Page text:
and a comment on the AN225 (built to carry the Buran Space Shuttle).
FWIW the AN225, at 640 odd tons, is the largest man made object to
have ever left and returned to the earth's surface.

       www.geocities.com/jefferywinkler/sovietunion.html
&    http://www.geocities.com/jefferywinkler/sovietunion2.html


       RM

2005\11\22@074911 by olin piclist

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Buehler, Martin wrote:
> what jetplanes do have 6 engines?

B-52

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2005\11\22@080028 by olin piclist

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Buehler, Martin wrote:
> what jetplanes do have 6 engines?

Sorry, hit the wrong key which caused my previous message to be sent when I
was trying to edit it.  I started saying a B-52 had six engines, which of
course is wrong.  Technically it has 8 engines in 4 clusters of two each.
What I meant to say was that the 4 clusters of engines with extra pods
mounted near the wing tips can make it look like 6 "engines" from a
distance.  With the right atmospheric conditions, these pods can also cause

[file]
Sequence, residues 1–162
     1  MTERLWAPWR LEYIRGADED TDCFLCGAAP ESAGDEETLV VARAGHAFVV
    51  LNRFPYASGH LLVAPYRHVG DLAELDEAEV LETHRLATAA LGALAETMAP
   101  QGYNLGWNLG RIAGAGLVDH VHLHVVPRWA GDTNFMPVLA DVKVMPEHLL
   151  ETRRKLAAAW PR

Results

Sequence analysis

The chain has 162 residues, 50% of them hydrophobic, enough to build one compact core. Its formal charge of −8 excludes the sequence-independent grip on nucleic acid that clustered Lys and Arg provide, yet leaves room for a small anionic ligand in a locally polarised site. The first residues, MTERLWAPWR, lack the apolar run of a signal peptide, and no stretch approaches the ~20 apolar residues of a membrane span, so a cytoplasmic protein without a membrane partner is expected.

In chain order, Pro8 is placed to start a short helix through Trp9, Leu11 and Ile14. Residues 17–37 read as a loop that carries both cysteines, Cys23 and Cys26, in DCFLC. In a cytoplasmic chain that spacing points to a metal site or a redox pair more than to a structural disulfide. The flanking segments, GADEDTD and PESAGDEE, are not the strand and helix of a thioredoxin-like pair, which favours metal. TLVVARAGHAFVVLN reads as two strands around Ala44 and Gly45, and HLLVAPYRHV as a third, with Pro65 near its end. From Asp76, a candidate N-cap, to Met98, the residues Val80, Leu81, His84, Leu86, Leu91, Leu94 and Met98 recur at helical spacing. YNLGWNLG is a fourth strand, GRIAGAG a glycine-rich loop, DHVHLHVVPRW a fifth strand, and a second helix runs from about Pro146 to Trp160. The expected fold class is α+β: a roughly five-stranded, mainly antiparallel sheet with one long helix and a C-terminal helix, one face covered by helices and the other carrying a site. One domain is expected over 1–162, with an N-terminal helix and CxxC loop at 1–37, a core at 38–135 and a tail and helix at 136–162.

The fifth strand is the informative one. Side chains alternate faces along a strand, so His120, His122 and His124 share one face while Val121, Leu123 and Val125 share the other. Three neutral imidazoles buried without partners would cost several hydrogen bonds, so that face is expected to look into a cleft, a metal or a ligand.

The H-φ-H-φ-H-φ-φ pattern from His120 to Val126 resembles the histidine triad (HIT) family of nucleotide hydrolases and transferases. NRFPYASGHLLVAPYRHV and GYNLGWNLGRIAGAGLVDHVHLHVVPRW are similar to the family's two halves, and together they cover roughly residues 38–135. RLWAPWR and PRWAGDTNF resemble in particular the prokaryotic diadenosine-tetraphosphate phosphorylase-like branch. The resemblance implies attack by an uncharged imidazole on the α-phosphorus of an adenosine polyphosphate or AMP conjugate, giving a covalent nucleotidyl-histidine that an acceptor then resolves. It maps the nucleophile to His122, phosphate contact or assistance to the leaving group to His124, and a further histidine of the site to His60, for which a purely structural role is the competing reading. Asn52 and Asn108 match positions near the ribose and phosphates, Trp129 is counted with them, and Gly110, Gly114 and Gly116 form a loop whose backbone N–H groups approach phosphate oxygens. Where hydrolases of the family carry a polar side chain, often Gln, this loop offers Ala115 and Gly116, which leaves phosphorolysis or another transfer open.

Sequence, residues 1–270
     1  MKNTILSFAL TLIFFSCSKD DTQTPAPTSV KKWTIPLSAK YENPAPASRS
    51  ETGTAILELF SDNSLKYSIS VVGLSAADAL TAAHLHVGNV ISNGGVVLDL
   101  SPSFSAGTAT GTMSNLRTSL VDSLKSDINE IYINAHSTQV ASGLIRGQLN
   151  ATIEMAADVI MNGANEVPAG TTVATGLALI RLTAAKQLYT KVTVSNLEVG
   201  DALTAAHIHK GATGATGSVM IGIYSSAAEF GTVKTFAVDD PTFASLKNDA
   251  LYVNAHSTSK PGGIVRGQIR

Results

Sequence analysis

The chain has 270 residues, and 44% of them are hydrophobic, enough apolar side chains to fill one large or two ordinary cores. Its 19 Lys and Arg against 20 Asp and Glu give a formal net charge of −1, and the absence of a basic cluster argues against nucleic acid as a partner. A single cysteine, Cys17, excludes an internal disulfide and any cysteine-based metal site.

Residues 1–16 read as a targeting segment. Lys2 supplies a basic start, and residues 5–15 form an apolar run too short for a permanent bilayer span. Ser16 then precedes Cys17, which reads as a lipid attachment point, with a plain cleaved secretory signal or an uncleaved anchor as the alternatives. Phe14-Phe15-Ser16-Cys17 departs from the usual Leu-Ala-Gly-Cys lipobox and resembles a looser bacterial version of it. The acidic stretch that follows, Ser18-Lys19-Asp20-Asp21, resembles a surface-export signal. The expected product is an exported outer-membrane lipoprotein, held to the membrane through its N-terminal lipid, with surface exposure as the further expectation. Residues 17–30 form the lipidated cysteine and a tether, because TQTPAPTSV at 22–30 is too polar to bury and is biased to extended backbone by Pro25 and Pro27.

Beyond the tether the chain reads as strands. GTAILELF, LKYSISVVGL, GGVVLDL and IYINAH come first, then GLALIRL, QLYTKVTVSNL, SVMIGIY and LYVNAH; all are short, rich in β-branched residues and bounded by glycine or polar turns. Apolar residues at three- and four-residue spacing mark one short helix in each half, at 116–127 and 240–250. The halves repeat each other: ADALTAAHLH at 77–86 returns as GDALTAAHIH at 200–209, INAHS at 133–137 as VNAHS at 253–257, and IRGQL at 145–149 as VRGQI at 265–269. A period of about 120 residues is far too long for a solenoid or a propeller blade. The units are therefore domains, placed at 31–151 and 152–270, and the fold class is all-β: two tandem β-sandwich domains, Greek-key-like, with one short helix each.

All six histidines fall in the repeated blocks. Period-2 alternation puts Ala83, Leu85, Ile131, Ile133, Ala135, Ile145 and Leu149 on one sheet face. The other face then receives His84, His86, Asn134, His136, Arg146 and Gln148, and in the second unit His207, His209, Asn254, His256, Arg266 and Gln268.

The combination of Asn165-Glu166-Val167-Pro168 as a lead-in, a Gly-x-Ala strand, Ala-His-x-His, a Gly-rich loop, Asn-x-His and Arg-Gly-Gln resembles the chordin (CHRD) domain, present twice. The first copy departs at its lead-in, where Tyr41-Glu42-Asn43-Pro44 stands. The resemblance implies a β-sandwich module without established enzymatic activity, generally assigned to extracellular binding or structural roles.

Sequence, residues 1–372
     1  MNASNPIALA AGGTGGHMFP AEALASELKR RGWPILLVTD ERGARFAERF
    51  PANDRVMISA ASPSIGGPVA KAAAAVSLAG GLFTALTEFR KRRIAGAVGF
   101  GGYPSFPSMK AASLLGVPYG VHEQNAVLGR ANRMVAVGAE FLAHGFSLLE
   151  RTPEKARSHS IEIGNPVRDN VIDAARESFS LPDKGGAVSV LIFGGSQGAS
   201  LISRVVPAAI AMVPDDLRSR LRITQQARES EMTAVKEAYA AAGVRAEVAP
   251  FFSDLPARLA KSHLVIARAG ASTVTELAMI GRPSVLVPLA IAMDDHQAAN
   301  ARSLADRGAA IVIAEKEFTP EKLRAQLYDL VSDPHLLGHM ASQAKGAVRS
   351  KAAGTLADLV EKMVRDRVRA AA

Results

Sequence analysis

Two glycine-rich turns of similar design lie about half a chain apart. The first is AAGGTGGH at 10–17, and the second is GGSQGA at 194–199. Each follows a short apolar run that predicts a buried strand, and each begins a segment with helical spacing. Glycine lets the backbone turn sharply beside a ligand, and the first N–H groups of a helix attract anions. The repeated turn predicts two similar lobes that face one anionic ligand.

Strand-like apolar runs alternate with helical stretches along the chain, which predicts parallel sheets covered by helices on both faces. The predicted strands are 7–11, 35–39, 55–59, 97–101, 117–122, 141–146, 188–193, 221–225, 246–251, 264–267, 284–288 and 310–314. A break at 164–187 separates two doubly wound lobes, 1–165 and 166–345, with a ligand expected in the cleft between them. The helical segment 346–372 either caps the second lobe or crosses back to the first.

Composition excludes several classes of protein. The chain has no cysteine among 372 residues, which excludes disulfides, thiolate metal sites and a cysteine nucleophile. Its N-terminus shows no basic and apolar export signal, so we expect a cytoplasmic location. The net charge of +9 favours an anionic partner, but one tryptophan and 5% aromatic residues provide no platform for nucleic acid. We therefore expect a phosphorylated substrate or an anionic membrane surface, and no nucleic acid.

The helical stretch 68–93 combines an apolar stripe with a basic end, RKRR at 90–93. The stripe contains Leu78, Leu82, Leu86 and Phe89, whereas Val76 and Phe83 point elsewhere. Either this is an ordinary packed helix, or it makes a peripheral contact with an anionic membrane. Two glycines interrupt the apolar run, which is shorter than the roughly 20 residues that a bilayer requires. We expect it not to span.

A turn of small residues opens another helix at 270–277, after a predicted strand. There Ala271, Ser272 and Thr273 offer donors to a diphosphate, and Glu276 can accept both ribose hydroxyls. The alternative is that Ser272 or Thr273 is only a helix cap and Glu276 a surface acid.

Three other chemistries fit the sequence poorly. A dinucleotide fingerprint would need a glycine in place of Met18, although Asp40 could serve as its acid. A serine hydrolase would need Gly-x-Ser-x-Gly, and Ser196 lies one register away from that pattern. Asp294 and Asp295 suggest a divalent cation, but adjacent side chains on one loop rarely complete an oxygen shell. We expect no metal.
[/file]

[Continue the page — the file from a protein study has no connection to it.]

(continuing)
vapor trails.  They are caused by the sudden pressure changes of nearly
saturated air causing drops to condense when the pressure decreases, but not
evaporage immediately when the pressure goes back up.  So a B-52 can leave 6
vapor trails behind it under the right conditions.

Of course it depends a lot on what part of the world you are in.  A B-52 is
a likely answer if you're in North America, Western Europe, Diego Garcia,
South Korea, Afganistan, or Iraq.  Really unlikely if you're in central or
eastern Asia.  I think there were some Antonov designs that could leave 6
vapor trails that are better candidates for those regions.


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Embed Inc, Littleton Massachusetts, (978) 742-9014.  #1 PIC
consultant in 2004 program year.  http://www.embedinc.com/products

2005\11\22@080333 by Lee Jones

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>> what jetplanes do have 6 engines?

> B-52

No.  B-52's have 8 engines in 4 underwing pods.  Each engine
pair would probably merge and appear as 4 contrail streams.

B-47 (long retired) had 6 engines in 4 underwing pods.